Monday, June 20, 2011

Supernovae Conference Day 1

its interesting to attend a conference so specialized in a area that is not my exact area of expertise. i'm learning a lot, but i'm also tuning out a lot of details that dont fit into any "big picture" scenario that makes sense to me, even if its very relevant to the field of study of supernovae.

one interesting thing about studying transient phenomena is that you never know when they will appear and they fade over time. sometimes you apply for time at telescopes not knowing whether you will actually find anything to look at! in order to catch stars exploding, many groups of people survey over and over specific galaxies that are likely to have a supernova explosion. amateur astronomers have made a huge contribution over the years looking at the same galaxies many times and identifying changes that they see by eye!

stuart ryder focused on several candidate galaxies twice a year for 2.5 years with the gemini telescope and its adaptive optics and found 6 dusty stellar explosions!

one thing i appreciate more now is that there are A LOT of different types of supernova. Weidong Li showed that the overall split is such that about 75% of them originate from the core collapse of single massive stars and ~25% are from explosions caused by extra material falling onto white dwarf stars (see brief review: here). he also suggested that smaller galaxies tend to have higher supernova rates, but i wasnt entirely convinced of that result.

one interesting result was looking at the progenitors of supernova. its impossible to predict exactly when a star might explode, especially considering there are thousands of millions of stars in each galaxy, stars are not usually individually resolved, and most are too faint to ever detect before they go supernova. but, stephen smartt showed 5 instances where looking back at hubble space telescope images of nearby galaxies where supernovae have exploded has allowed the identification of a star before the explosion, and the lack of anything in the star's previous position after the supernovae fade.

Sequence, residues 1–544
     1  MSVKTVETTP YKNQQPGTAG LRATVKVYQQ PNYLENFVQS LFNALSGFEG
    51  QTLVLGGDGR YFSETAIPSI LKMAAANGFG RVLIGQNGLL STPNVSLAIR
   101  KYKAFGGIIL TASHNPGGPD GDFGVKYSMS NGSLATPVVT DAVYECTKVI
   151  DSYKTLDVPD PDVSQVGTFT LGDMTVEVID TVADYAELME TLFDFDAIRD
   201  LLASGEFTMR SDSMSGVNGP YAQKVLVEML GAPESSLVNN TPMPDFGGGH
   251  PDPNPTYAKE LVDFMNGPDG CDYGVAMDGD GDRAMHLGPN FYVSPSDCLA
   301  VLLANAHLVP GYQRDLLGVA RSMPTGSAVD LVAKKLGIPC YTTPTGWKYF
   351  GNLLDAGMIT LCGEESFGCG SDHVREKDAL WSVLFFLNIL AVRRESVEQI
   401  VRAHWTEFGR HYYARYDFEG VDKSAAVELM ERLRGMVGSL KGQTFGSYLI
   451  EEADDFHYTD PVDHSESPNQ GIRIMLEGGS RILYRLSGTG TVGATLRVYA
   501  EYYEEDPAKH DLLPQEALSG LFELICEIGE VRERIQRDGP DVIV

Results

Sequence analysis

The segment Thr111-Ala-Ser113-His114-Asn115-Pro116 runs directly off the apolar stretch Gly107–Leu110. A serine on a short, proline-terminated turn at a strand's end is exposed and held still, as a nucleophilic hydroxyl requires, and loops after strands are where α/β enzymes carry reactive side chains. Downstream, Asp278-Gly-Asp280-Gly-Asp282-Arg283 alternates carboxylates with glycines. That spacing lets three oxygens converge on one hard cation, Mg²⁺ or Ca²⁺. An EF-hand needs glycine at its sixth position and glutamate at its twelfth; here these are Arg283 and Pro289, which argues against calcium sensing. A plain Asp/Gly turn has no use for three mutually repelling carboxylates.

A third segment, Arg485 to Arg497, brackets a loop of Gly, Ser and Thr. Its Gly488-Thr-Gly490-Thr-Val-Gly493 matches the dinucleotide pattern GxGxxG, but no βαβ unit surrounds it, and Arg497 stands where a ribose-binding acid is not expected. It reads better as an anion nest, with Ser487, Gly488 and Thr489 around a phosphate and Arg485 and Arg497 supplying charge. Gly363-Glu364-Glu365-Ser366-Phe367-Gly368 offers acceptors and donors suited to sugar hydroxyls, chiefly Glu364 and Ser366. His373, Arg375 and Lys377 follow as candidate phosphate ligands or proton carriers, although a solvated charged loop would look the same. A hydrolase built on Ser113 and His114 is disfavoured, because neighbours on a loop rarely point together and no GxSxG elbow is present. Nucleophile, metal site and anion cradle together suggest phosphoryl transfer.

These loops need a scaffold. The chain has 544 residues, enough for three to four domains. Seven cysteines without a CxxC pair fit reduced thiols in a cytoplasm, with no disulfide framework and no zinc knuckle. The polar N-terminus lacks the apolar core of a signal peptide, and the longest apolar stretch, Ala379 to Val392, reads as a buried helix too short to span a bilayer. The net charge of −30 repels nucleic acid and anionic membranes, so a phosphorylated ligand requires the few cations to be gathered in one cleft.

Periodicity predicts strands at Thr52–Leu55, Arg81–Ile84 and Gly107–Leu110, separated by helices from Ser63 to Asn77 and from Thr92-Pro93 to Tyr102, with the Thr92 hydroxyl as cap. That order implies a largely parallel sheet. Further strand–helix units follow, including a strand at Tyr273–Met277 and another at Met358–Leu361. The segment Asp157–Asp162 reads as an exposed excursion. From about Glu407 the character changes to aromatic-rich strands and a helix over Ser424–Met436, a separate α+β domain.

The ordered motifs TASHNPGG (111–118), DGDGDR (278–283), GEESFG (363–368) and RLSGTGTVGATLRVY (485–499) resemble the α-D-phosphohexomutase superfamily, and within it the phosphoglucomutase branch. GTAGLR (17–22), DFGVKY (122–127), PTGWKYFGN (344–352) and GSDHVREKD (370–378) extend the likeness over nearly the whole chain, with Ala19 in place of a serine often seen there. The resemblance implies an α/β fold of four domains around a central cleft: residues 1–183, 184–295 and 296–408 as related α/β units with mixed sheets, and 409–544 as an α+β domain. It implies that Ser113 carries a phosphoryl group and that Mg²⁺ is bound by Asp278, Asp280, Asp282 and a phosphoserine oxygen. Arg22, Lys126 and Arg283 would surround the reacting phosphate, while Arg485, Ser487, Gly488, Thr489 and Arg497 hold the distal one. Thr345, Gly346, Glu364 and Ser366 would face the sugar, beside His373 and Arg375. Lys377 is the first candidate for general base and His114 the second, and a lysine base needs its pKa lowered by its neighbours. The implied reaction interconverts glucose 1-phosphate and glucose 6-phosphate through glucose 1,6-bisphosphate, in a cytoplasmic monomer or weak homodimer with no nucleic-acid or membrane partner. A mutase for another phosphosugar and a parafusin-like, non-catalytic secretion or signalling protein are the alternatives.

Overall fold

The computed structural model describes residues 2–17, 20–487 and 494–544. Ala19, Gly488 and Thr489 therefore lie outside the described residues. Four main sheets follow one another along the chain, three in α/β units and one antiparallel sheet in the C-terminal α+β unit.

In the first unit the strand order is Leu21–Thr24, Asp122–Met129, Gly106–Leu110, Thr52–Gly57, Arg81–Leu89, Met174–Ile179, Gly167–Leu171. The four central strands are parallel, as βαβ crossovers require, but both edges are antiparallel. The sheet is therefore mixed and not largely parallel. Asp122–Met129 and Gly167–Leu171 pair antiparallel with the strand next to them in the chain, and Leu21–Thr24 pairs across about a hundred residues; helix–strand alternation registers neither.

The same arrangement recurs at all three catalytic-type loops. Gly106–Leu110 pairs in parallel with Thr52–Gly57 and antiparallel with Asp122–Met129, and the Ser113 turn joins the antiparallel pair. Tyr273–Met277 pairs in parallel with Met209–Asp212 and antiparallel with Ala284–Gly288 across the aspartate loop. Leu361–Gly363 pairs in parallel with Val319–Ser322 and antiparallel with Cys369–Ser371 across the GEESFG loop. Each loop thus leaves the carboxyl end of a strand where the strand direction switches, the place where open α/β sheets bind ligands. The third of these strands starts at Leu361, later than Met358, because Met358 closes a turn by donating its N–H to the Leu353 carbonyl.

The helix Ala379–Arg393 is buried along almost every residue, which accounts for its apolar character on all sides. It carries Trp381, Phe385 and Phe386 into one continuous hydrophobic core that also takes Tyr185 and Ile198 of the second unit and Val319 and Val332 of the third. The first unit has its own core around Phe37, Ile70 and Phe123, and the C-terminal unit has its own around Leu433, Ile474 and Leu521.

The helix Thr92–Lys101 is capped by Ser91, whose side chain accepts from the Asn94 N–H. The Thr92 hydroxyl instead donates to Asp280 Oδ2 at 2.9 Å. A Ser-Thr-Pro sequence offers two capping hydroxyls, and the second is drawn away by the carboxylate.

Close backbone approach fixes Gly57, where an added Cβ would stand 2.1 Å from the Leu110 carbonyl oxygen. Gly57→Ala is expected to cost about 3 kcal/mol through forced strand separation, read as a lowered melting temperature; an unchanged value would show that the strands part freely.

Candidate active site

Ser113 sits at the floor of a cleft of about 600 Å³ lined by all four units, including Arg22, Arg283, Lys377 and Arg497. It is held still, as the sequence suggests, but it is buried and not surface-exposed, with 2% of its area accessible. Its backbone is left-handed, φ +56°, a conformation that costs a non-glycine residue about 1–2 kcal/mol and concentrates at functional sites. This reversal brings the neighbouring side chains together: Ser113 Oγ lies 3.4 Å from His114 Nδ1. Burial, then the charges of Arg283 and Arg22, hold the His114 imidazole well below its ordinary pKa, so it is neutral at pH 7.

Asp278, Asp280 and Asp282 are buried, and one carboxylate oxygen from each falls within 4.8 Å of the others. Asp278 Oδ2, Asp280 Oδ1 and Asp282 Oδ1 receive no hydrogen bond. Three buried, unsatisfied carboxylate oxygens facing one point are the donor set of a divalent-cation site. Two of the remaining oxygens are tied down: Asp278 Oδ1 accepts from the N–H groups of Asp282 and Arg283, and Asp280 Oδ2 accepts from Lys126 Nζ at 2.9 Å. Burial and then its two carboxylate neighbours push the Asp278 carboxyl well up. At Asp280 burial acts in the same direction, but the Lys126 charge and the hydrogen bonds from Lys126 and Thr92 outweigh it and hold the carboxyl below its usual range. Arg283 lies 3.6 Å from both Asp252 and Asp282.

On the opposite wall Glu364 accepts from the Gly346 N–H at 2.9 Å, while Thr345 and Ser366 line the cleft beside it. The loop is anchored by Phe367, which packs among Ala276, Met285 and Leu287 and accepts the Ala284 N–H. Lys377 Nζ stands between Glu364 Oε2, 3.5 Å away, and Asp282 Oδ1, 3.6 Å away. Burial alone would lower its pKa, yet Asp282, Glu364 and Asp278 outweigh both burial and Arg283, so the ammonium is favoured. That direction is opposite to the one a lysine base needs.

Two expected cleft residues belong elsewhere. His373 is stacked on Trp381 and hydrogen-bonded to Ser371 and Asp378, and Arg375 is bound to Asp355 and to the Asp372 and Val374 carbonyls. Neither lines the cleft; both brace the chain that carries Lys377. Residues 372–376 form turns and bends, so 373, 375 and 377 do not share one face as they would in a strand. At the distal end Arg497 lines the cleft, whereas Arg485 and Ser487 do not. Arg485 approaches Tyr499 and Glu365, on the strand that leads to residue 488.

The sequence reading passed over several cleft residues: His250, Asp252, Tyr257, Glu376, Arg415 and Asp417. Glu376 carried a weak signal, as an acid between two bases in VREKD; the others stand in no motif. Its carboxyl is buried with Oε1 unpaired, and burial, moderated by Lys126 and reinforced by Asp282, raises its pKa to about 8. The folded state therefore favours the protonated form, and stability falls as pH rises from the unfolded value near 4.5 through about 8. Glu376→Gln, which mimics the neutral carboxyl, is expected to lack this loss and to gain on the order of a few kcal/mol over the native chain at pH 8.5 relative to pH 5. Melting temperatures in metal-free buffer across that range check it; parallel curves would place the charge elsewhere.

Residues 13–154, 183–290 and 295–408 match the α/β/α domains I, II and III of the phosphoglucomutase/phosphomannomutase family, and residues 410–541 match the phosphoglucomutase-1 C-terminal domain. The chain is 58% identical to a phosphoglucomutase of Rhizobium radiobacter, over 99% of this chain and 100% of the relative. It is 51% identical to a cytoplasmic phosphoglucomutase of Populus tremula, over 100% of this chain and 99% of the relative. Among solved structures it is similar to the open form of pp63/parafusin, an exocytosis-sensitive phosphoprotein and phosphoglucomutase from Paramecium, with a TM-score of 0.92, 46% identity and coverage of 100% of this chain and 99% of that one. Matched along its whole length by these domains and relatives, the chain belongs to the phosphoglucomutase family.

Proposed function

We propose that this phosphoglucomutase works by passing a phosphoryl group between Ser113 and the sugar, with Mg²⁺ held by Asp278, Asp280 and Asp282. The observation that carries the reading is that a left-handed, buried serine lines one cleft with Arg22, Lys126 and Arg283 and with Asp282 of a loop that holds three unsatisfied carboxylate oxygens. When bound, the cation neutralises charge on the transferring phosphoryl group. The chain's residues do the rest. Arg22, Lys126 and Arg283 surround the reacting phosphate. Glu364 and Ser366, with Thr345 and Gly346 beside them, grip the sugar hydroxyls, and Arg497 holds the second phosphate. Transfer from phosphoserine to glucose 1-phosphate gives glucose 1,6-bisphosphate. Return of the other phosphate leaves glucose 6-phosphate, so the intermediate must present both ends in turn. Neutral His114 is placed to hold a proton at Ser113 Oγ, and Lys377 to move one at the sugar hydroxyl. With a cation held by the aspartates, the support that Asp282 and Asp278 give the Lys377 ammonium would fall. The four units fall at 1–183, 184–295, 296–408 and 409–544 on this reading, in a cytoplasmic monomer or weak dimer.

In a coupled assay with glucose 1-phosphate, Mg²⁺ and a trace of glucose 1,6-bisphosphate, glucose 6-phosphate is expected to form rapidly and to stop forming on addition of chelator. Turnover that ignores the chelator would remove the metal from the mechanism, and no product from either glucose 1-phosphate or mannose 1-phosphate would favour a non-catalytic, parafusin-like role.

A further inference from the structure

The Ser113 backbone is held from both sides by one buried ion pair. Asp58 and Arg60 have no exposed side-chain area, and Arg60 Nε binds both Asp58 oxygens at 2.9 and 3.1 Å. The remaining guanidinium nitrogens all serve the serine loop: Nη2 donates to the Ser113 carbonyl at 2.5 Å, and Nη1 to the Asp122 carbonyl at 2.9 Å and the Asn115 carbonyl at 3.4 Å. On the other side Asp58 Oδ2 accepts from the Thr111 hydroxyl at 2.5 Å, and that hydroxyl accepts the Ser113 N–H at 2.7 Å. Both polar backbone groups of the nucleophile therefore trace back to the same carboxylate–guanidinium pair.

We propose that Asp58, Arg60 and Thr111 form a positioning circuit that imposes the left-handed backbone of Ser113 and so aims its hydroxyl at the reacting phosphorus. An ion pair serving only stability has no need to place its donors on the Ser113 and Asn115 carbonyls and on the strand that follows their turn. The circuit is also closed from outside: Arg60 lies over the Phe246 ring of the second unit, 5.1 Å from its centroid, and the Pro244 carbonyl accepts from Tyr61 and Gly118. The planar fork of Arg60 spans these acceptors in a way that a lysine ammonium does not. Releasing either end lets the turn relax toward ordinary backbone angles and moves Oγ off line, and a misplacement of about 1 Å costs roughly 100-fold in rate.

in the images below, the white circles identify the star before (a), during the supernova (b), and after (c) the explosion. the images arent exactly the super pretty hubble images you might be used to, but they show that these stars really do explode!!

neat stuff. hope to post more tomorrow...

intro to the conference: here
summary of day 1: here
summary of day 2: here
summary of day 3: here


skywatcher88 said...

This is very interesting Stuff isn`t it? The very stardust factories where all of our molecules in each of us originated from!
Peace and Clear Skies!

heroineworshipper said...

Most of Hubble's productivity must come from the very limit of its resolution, just the minimum number of pixels to say something happened.

Paul said...

There are too few supernovae for "all of our molecules" to come from them, Skywatcher88. Much more material is produced by Asymptotic Giant Branch stars.

Rik Gern said...

This post addressed a question I had after reading the previous post; can they tell in advance if a star is going to go Supernova? The "before-during-after" graphic was an eye-opener. Is THAT what the raw data looks like? What-no pretty Hubble-esque pictures?!?